Following this success, Porsche turned its attention in motorsport to developing close-to-production race versions of the Porsche 911 and its support of private teams. At Le Mans, this commitment was rewarded with eleven class victories between 1999 and 2018. 2014 saw the works team return to compete for the overall victory. Designed “from scratch” in Weissach, the Porsche 919 Hybrid featured unique technical solutions. Only the Porsche generated electric power for the high-performance battery by converting kinetic energy produced when braking and additionally by means of a turbine generator unit in the exhaust gas stream of a V4 turbo engine. The overall system comprising the electric motor and combustion engine delivered around 900 PS. This avant garde solution proved to be a success: from 2015 to 2017, Porsche scored a hat trick at Le Mans.
With 108 class wins and 19 overall victories under its belt, Porsche is the most successful manufacturer in the almost 100-year history of Le Mans. In 2020, Porsche continues the unique tradition of a Porsche sports car taking part in Le Mans every year since 1951: In the virtual 24 Hours of Le Mans, the newly created Porsche Esports Team will take to the start on June 13-14 with four Porsche 911 RSR cars (model year 2017).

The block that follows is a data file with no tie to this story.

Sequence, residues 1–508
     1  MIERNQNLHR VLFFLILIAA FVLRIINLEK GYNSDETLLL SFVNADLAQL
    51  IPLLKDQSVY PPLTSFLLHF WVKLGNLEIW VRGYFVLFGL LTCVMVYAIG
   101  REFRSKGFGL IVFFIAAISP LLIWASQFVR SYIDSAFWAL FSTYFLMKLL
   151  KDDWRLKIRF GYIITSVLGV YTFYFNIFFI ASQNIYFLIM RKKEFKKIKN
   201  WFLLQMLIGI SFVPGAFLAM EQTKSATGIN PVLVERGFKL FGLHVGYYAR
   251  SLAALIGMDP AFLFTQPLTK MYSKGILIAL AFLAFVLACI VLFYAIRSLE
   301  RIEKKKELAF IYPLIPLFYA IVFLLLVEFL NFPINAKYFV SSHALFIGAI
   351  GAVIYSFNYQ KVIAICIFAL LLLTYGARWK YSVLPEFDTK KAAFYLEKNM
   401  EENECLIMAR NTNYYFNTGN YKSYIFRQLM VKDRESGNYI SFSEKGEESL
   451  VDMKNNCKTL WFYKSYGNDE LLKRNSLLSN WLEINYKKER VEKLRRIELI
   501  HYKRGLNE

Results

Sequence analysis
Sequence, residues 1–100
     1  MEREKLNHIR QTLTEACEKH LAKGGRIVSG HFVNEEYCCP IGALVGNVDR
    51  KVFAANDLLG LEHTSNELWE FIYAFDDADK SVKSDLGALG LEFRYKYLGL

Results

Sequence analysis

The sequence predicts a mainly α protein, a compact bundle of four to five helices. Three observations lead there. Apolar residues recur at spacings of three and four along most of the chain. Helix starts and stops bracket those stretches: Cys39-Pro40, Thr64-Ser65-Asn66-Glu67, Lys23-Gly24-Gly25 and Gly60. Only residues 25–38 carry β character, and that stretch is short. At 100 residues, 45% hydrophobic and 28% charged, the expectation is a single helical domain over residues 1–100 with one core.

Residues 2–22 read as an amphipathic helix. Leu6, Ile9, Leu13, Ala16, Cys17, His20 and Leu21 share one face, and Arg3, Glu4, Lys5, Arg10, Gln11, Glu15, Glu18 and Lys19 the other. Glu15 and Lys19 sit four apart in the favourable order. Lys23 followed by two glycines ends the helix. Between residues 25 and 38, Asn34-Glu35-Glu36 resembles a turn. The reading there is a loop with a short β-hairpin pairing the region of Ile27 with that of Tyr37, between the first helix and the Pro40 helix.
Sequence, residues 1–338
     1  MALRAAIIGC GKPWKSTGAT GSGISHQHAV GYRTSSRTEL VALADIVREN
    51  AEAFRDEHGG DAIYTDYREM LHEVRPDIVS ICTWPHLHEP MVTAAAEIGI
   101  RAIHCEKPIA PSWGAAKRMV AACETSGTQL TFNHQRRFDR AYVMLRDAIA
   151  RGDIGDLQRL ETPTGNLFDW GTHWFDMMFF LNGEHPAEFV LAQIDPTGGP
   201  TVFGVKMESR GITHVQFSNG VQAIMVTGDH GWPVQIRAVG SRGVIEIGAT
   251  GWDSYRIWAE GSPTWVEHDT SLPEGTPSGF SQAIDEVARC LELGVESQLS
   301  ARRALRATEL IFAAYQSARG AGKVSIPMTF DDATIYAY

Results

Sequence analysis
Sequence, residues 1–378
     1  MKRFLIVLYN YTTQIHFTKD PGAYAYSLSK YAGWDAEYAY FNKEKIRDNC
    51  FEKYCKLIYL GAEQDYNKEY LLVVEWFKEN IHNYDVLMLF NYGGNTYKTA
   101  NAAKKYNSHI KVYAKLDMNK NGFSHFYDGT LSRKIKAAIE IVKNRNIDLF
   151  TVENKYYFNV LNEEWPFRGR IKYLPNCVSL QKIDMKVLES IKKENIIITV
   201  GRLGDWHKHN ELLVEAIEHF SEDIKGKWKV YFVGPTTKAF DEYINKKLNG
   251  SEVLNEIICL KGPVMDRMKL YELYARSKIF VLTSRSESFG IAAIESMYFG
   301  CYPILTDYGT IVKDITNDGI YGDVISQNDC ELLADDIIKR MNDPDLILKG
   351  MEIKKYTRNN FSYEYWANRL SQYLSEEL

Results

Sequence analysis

Hans Herrmann and Richard Attwood reminisce about the race
In 1970, after exactly 4,607.811 kilometres or 343 laps, Hans Herrmann and Richard Attwood crossed the finishing line first in the Porsche 917 KH from Porsche Salzburg with the start number 23. “It was a race dominated by rain and it felt we had to permanently keep changing the tyres and adapt to the situation at hand. It was not the wear that forced us to change tyres, but the constantly changing weather. The fact we harmonized so well together as a driving team led us to victory. To compete in a 24-hour endurance race with just two drivers is no mean feat,” says Hans Herrmann looking back.
Many of the competitors – amongst them numerous Porsche cars – gradually dropped out of the race. “Le Mans is a race where everything goes right, or it doesn’t. In those days, the 24 Hours was more like an endurance drive than a race,” remembers Richard Attwood. “To win Le Mans with Porsche and Hans came fully unexpectedly because our car didn’t have the right set-up for speeds. Hans and I were simply a dream team.”
We worked on the car in training until the very last minute. Hans Herrmann: “The 917 started out as a very difficult racing car. It was driving us rather than the other way round – until we managed to optimize the aerodynamics and transform it into a winning car.” Back home in Stuttgart, the Porsche victory was celebrated with a motorcade through the city and in the main square. “The victory gained in significance over the years. Who would have thought that Porsche would become the record title holder at this race,” says a pleased Richard Attwood. “I was also unaware at the time that I was contending with another personal challenge: I couldn’t eat anything during the race and could only drink milk to stay fit to drive. Because what I didn’t know was I had come down with mumps.”